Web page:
Sign In / Sign Up

Explore Israel's Flavors for Independence Day

Global Feature
By: Cara Cannella
Explore Israel's Flavors for Independence Day

Each spring, the people of Israel celebrate the country's establishment as a sovereign state and Jewish homeland. On May 14, 1948, Israel declared its independence under the leadership of David Ben-Gurion.

Israel Independence Day, or Yom Ha'atzmaut, might not be as well-known to Americans as Jewish holidays like Passover or Hanukkah — and the symbolism of their associated foods. But any occasion to eat Jewish cuisine is reason to celebrate.

You can create your own culinary tradition by indulging in Israel's vibrant and flavorful mix of ethnic and cultural influences and pay homage to the theme of resilience at the heart of Yom Ha'atzmaut.

Whether you gather friends and family at home for a barbecue, or head to the hills for a picnic-hike, here are a range of cooking ideas. Mazel tov!

Smoked Paprika Hummus with Pita Chips

Start your guests off with an appetizer course featuring this homemade hummus, baba ganoush and other cold salads served alongside pita. For a silky smooth texture, blend some liquid from the can of chickpeas into your food processor, then press the hummus through a fine-mesh sieve before serving.



Tomato and Feta Salad

Liken this salad to Israeli fattoush by incorporating leftover bread. Toast some pita, add to this recipe, and you've got a dish to rival Italy's classic bread salad, the panzanella.


Chicken Shawarma with Muhammara Sauce

While real-deal shawarma is made on a vertical spit, with marinated meat turning for hours and cooking in its own juices before thin pieces are sliced from the surface for serving, this homemade, grilled version is the next best thing. Play around with different Spice Islands® spice combinations for a range of flavors. The meat stores well in the fridge, so make enough for leftovers, and enjoy for days.

Cardamom Scented Couscous

While this recipe calls for the semolina flour couscous most commonly found on American grocery shelves, experiment by replacing that grain with Israeli couscous (called ptitim, or 'crumbles' in Hebrew). These larger, toasted pearls work well as a hearty base for all sorts of side dishes.


Cinnamon Apple Cake

Sure, apple cake is among the most popular desserts served every autumn for Rosh Hashanah, but why not take advantage of the apple's year-round availability and serve this juicy treat during any season?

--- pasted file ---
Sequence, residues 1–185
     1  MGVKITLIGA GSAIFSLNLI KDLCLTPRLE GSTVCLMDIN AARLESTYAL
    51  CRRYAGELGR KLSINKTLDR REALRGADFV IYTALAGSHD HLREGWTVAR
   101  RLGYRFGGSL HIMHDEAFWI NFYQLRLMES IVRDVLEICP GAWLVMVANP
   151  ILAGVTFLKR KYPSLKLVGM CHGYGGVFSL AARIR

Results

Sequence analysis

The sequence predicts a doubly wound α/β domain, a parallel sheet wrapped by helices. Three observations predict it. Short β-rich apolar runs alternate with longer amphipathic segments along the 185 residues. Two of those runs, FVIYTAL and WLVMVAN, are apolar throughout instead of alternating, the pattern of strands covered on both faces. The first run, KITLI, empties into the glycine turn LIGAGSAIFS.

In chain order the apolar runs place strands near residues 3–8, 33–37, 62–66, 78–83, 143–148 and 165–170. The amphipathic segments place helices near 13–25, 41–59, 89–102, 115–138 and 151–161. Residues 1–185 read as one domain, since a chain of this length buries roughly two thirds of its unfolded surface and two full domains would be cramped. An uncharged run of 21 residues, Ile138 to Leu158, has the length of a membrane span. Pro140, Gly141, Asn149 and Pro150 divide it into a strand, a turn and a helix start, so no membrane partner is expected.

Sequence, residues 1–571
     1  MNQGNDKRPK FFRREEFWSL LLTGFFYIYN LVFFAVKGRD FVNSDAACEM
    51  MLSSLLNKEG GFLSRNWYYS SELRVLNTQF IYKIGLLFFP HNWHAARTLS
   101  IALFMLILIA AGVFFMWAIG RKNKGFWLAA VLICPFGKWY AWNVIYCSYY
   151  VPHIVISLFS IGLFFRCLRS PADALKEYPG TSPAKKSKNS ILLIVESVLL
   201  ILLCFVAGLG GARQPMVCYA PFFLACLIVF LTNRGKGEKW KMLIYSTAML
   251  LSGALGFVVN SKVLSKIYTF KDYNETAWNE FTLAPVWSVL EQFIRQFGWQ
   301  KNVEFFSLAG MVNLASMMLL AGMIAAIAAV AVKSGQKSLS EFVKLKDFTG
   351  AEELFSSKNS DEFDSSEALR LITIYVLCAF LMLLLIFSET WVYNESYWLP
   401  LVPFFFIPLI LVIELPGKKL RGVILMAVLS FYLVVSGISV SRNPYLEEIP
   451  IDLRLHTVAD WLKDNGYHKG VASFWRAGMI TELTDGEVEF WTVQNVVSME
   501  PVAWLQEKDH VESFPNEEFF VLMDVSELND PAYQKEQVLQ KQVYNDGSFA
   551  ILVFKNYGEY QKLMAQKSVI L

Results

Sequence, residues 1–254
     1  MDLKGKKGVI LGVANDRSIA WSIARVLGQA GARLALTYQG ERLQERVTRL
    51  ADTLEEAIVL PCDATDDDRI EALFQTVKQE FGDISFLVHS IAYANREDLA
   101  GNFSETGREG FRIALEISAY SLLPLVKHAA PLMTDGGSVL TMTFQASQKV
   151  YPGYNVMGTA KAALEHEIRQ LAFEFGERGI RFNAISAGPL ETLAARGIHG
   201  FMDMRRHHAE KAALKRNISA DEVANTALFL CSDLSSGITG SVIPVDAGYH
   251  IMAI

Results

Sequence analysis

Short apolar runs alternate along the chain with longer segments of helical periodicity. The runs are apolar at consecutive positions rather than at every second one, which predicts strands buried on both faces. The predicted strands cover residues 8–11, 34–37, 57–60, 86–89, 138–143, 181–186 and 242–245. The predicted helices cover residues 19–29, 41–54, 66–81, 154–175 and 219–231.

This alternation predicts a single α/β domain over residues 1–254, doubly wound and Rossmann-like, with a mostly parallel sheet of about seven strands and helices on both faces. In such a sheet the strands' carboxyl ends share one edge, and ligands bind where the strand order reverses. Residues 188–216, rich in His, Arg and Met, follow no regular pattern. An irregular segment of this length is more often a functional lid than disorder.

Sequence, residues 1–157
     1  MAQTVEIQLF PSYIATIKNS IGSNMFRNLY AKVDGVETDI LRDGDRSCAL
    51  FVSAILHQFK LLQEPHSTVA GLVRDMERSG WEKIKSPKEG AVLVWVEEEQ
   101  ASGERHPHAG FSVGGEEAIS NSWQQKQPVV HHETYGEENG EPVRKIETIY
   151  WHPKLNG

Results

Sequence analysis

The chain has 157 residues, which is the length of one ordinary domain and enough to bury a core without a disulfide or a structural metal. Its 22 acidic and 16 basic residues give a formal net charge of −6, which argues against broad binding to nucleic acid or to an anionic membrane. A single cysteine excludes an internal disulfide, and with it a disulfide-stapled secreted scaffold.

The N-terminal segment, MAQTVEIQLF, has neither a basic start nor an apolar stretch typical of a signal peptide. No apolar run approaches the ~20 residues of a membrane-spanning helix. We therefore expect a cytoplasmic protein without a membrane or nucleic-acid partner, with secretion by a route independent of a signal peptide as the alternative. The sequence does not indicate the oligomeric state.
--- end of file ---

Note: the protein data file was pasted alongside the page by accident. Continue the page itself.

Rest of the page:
Cara Cannella is a writer, editor, and teacher in New York City. She has worked as research editor for Bon Appétit and writes regularly about entrepreneurship for American Express OPEN Forum. She has an MFA in creative writing from The New School and teaches writing at Fashion Institute of Technology.

Spice Islands® spices deliver high quality, authentic flavors from all over the world so you can put the most delicious meals on your table.

Additional Content

Cook Once, Feast All Season Long
Cook Once, Feast All Season Long
A smart cook knows holiday leftovers are lifesavers on the day after the feast, but a true kitchen genius has an eye on new and exciting dinners through the new year.
Pho: Vietnamese Soup for Morning, Noon or Night
Pho: Vietnamese Soup for Morning, Noon or Night
Eggs, bacon, pancakes and cereal might be what comes to mind when you think about a traditional breakfast. In Vietnam, however, the day begins with bright and nourishing pho — bowls of broth, a tangle of rice noodles and an accompanying plate of fresh bean sprouts, slices of lime and jalapeno, purple basil, scallions and cilantro.
8 Southern-Inspired Meal-Time Solutions
8 Southern-Inspired Meal-Time Solutions
Whether it's breaded pork chops, hot chicken sandwiches, blackened catfish or slow cooker barbecue, these Southern selections will be on your summer rotation for years to come.